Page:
Just got back from seeing Walk the Line, which I would recommend. Well-acted and better-done than Ray from last year.
This week we have tracks from Dan (Blockhead), Cam (King Biscuit Time) and Brandon (Death From Above 1979). Again, we'll be playing the list from Track-fu for a few hours at Two Way Monologues Radio (http://220.127.116.11:8000/) starting...now.
1. World Leaders Pretend -- Bang Theory
The music in this song reminds me a bit of Coldplay, but the lead singer's voice has a bit more nastiness in it than Chris Martin is capable of. There's something in here that reminds me a bit of U2 as well, but it sounds fresher than U2 and Coldplay are able to do. This is a bit rawer than their brand of slick rock-pop. Regardless of the comparisons, it's a catchy sound, with the rollicking guitar, violins and vocals all working well together. I really like the piano.
2. King Biscuit Time -- C I Am 15 (Cam)
The instrumentals in this song remind me a bit of those on the Gomez album In Our Gun. This is actually the new project of the lead singer of Beta Band -- I'm not familiar with the Beta Band, aside from the song featured in High Fidelity. This song has a neat vibe though, with the mellow vocals from Steve Mason and then a surprising rap near the end.
3. CunninLynguists -- Nothing To Give
I wasn't sure what to expect with this name. Turns out, it's hip hop. I like the beat; it's pretty dramatic (more piano). It's nice to hear a chorus with a male singer for once; the hook girls are getting a little old.
4. Blockhead -- The Art of Walking (Dan)
I guess hip hop collage would be the best way to describe this. It makes me think of Avalanches, a bit, with little bits of this and that popping in and out, tied together with the beat. As we've previously discussed, I never go in much for eletronica and/or music without lyrics, but this is pretty catchy. I like the little twinges of gospel.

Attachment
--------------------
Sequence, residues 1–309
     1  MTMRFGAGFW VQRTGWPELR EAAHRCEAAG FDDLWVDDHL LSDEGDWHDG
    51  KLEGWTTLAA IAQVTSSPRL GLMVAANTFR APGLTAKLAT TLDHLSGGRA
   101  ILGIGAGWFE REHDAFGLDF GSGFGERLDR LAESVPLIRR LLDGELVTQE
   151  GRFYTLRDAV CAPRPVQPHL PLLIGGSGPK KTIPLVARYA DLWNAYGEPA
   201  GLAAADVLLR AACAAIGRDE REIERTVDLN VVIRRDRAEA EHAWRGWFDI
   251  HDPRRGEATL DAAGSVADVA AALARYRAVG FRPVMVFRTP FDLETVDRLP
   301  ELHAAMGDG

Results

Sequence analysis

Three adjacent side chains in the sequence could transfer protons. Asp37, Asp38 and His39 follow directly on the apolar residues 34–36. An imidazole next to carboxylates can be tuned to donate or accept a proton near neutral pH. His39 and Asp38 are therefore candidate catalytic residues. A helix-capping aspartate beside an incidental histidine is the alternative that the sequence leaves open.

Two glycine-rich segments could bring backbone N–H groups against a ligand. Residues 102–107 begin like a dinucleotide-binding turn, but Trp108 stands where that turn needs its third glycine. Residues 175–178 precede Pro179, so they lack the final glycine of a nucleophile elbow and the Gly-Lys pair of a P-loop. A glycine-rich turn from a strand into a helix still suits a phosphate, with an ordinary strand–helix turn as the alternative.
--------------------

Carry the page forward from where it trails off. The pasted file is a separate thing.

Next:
5. Talib Kweli and Rakim -- Getting Up Anthem
This is from Kweli's new disc, which Dan wrote about recently in Tuesday Stroll. This song's got a great beat, gets in your head pretty quickly. I sometimes find it hard to write about hip hop -- I don't know a lot about it, and I don't have a very wide frame of reference for it. But I like this song, in any case.
6. Death From Above 1979 -- You're Lovely (But You've Got Lots of Problems) (Brandon)
I don't really get the point of a remix album, especially when you've only got one studio album under your belt. If I were a fan of this band, I think I'd rather that they release an album of new material.
Anyway, I don't like Death From Above 1979, at least not based on this song. I think it's atonal. Maybe that means I'm not cool; oh well.
7. The Airfields -- City-State
I will give full disclosure and say that my friend Ian is in this band, and that I am biased to like them because I like Ian so much. He's pretty awesome, let me tell you.
But as it turns out, the Airfields make pretty indie pop, and I like pretty indie pop. Everyone wins! You should go to their website and download this song, along with the other two on their EP.
(I swear, bias or not, I really do like this song. There are bells, or things that sound like bells. How can you not like that?)
8. Wilco -- Kicking Television
I like Wilco, paricularly their newer stuff, since that's what I'm most familiar with. This song is from their live album of the same name, and it appears they are a bit more revved up here than they seem to be on their last two albums. It's an entertaining performance that sounds like it was fun to hear live.
Winner: I pick the Airfields, and I know my pick will have lingering suspicions of favourtism following it for years to come, but I don't care because I like the song. I liked World Leaders Pretend and the Kweli song too.
Loser: Death From Above 1979. Noisy.